Mammography: what it is, what it's used for, and types

Have any questions about mammography? Find out here what it is, what it's used for, and the various types.

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  • breast
  • Gynaecology
  • imaging

Mammography is one of the main tools for preventing breast cancer. Discover everything about this exam that can save lives.

In Portugal, 7,000 new cases of breast cancer arise every year. Mammography allows for early diagnosis and saving lives. Find out how it's done, when to have it, and what precautions to take.

What is mammography?

Mammography is an imaging exam that uses low-dose X-ray radiation to analyze breast tissue. The radiation used is low and has no known side effects.
This exam is performed using a device called a mammography machine, which detects changes in the breast, such as nodules or clusters of microcalcifications. Mammography enables the identification and distinction of various conditions, including benign and malignant tumors, with great early detection and accuracy.

What is mammography used for?

Mammography can be used as a breast cancer screening tool, always in conjunction with breast ultrasound. This means that it allows for the detection of breast cancer even before the woman or the doctor identifies any changes through breast palpation. When performed regularly as recommended, it significantly reduces mortality and enables curative treatment of breast cancer.

Therefore, mammography is an essential tool in the fight against breast cancer, crucial for early diagnosis and the cure of a high percentage of cases. Thus, together with their doctor, women should take a proactive role in prevention, integrating mammography into their surveillance routine.

It is also possible to undergo mammography outside of screening if there is suspicion during breast palpation or other performed exams.

When should you have a mammography?

Since the goal of mammography is to screen for breast cancer, this exam should be performed even in the absence of symptoms. The recommendations from the General Directorate of Health for breast cancer surveillance are as follows:

  • From the age of 20: monthly breast self-examination, after the menstrual period;
  • From the age of 35: mammography every 18 months;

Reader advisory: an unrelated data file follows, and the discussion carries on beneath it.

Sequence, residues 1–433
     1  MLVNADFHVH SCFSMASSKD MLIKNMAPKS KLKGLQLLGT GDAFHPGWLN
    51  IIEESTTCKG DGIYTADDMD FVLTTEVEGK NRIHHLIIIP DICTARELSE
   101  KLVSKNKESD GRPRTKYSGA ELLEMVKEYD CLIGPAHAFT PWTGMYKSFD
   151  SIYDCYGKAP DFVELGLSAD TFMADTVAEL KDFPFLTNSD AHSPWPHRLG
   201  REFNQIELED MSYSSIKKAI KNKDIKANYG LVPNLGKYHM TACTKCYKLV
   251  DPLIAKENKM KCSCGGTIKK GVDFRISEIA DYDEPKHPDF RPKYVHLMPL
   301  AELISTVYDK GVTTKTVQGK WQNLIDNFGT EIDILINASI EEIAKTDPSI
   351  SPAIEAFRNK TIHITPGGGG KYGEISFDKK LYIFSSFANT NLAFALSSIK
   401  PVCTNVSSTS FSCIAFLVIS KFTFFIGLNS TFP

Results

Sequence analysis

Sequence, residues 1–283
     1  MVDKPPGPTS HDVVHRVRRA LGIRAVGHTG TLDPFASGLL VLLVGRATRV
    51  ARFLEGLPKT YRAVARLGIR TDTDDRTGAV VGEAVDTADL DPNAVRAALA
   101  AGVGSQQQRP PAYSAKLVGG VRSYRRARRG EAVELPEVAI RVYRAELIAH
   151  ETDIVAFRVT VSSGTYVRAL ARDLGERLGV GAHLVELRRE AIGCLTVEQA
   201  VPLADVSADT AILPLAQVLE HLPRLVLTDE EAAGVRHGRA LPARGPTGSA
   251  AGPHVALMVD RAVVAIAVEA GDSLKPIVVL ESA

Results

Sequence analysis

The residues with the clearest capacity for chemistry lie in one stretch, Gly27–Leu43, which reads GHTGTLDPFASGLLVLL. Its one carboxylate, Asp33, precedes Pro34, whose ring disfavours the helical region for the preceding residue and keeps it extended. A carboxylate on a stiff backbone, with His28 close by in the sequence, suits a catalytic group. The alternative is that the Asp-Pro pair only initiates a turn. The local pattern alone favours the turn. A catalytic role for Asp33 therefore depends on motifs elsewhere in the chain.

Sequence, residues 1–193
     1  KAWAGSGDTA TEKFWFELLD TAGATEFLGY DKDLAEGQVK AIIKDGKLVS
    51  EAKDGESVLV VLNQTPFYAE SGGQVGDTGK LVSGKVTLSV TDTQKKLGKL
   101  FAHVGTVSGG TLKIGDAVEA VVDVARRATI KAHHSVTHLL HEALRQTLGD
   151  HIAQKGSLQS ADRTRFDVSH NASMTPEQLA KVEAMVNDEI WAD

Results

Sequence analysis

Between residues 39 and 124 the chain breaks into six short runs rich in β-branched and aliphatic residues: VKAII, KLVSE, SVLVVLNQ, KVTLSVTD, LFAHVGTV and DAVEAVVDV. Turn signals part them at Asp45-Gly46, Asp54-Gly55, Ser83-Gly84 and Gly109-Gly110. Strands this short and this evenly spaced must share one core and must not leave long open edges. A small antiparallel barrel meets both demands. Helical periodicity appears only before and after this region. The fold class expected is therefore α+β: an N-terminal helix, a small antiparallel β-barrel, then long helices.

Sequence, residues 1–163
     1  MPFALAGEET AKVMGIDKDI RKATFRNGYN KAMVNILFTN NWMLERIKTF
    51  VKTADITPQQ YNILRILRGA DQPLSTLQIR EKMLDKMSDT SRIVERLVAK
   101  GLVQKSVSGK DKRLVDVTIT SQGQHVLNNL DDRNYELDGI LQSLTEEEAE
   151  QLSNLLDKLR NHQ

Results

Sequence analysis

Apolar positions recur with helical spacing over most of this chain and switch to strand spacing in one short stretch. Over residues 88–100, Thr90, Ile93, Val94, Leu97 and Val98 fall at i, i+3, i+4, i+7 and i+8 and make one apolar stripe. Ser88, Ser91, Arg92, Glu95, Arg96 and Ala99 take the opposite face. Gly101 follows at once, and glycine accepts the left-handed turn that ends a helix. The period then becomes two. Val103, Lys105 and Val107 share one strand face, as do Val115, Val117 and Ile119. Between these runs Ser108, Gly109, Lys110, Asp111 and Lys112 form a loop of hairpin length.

• After menopause: mammography every 24 months.

The doctor may adjust these intervals based on personal or family risk factors. Mammography is not recommended for men. However, since men can also develop breast cancer, they should undergo this exam in the presence of symptoms such as the appearance of a lump.

How is mammography performed?

The performance of a mammography is preceded by an interview where the technician explains the procedure and answers any questions. Then you will be asked to lean against the equipment so that the technician can properly position the breast. The equipment compresses each breast horizontally and vertically, which may cause some discomfort. However, compression is absolutely necessary to obtain a high-quality and conclusive image. Otherwise, breast tissue can overlap and compromise the exam's result.

However, according to international standards, breast cancer screening includes mandatory breast ultrasound, which increases screening accuracy by identifying a higher percentage of tumors.

When the breast is denser, changes may be more difficult to identify. In the presence of suspicious signs, a breast biopsy may be indicated, preferably on the same day. This reduces the waiting time for diagnosis, which can cause anxiety. Early diagnosis also allows for faster treatment initiation, ensuring the best results. The biopsy is performed under local anesthesia, with the aim of collecting samples from the breast lesion.

The samples are analyzed in the laboratory, and a definitive diagnosis is made, without which no treatment should be performed.

What types of mammography are there?